In 1869, the state promulgated a law establishing a Board of State Charities and Corrections. (PL1869, Ch. 814). This was the beginning of the state government's ever-expanding role in the state's social welfare programs. In its first years, the board's membership consisted of six unpaid appointees, each to serve from one to six years. The board created several committees to oversee the development of its several institutions, their programs, and physical facilities, including workshops and a working State Farm. (The board was frequently known as the State Institutions and the State Farm.) Its founding legislation called for the Board to establish and build four institutions: " a state workhouse, a state asylum, for the incurable insane, a House of Corrections, and a State Almshouse for paupers (the term pauper continues to appear in state law - RIGL 40-5-10.) All of these institutions were to be located together on farmland in Cranston to be purchased by the state. According to their own early annual reports, the Commission's facilities, where they existed, were filled to overflowing almost as soon as they opened their doors, and were not adequately equipped to deal with those who had been admitted.
The board also appointed a Superintendent for the State Farm and Workhouse and a Superintendent of State Charities and Corrections. Over the next forty years, the institutions' professional and support staff would continue to expand - deputy superintendents, physicians, dentists, and nurses, educators and probation officers, an agent of charity and corrections - to keep up with current wisdom on the care and management of inmates, patients, and prisoners, and to accommodate the growth of the institutions’ populations.
The 1869 legislation also authorized the Board to oversee immigration to the state. Masters of vessels bringing to Rhode Island passengers who had lived outside the country for a minimum period were required to report them to the Commission. The Commission also required that a bond be given to ensure that these individuals would not be a burden to the state. Steamboats and railways conveying individuals from beyond the state were similarly required to report "the names, sex, age, and nativity" of their passengers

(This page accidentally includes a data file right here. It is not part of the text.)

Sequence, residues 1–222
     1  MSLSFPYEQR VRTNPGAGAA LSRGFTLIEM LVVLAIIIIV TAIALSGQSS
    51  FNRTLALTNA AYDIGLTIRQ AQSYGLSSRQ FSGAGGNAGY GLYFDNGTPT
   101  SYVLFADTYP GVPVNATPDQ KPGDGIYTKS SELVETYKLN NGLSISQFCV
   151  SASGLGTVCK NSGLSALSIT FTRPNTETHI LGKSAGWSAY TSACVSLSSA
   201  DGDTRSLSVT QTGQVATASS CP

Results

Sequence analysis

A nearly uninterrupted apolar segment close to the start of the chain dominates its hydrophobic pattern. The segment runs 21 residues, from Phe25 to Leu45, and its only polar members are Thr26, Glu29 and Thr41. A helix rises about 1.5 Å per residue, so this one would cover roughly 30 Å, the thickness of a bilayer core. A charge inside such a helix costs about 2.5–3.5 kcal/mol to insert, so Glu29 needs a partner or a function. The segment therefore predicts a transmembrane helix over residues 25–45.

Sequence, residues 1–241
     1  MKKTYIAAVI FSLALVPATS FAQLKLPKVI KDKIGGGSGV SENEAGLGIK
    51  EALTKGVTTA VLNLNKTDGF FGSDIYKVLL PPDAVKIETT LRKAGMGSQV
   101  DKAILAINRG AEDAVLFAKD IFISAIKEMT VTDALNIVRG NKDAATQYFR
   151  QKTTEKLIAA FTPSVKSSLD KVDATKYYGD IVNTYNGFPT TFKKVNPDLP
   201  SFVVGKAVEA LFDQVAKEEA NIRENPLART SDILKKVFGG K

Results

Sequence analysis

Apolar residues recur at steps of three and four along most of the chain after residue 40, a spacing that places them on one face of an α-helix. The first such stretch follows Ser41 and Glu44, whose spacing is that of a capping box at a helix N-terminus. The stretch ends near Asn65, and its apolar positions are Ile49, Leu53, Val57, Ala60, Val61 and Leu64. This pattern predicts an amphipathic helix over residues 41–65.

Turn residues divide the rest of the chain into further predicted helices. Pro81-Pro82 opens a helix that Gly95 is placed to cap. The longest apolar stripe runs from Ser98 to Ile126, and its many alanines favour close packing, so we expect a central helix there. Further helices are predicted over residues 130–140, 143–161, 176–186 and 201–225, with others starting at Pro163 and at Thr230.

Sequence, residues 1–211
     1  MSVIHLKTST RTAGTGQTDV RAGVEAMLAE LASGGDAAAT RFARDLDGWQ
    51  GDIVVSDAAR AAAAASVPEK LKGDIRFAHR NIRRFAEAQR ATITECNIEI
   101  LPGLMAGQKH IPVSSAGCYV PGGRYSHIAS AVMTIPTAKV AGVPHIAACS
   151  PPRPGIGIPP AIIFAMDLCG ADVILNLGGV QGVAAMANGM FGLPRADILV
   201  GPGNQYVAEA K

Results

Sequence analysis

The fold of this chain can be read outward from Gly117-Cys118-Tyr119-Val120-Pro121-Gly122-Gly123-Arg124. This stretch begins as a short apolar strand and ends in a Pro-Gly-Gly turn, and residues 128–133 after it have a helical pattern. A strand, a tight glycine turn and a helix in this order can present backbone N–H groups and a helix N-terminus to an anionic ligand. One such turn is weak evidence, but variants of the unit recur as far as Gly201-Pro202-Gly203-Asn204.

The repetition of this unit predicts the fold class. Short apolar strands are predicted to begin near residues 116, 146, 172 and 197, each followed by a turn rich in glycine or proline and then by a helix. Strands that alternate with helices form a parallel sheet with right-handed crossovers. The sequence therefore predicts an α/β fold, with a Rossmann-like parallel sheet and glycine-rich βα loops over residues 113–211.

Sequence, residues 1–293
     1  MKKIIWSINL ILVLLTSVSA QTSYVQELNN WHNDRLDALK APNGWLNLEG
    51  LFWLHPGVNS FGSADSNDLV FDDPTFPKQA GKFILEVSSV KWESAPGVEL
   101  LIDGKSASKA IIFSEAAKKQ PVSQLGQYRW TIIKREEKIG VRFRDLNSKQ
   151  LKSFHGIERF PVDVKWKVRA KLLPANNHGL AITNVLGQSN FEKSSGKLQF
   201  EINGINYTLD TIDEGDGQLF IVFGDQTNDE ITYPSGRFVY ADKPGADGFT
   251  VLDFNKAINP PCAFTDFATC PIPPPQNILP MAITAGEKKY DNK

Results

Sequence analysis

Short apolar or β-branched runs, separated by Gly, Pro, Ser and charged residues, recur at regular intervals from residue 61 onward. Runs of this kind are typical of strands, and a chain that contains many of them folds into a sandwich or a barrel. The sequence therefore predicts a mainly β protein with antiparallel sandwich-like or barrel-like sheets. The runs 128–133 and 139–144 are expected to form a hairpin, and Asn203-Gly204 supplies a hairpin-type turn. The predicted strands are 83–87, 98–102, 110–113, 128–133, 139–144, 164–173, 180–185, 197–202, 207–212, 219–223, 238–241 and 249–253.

Over the next several decades the Board's already wide-ranging responsibilities continued to grow. In 1877, the Board took over from the Board of State Prison Inspectors the management of the State Prison and Providence County Jail. In 1880, the thirty year old Providence Reform School came under the Board (Click here to see the Providence City Archives' Reform School holdings) and was renamed the State Reform School (PL 1880, ch. 817.). Its' mission was to provide care for those who would later be described as delinquent youth. The school was divided into two separate departments in 1882, the Sockanosset School for Boys and the Oaklawn School for Girls (PL 1882, ch, 320.)
By 1917, as the Governor described it in his annual message, a commission to investigate the state of public welfare programs in the state, the State Public Welfare Commission, had found that the mission of the Board of State Charities and Corrections and that of the recently created Board of Supply and Control overlapped, and seemed at times to be in conflict. To solve this problem the government replaced the two boards with a Penal and Charitable Commission, which was renamed the State Public Welfare Commission in 1923. (First Annual Message of the Governor, Emory J. Sans Souci)
For descriptions of the evolution of the State Institutions, see this extract from Statewide Historical Preservation Report P-C-1 for Cranston, Rhode Island (1980.)
(For a description of town asylum and poorhouse records, click here.)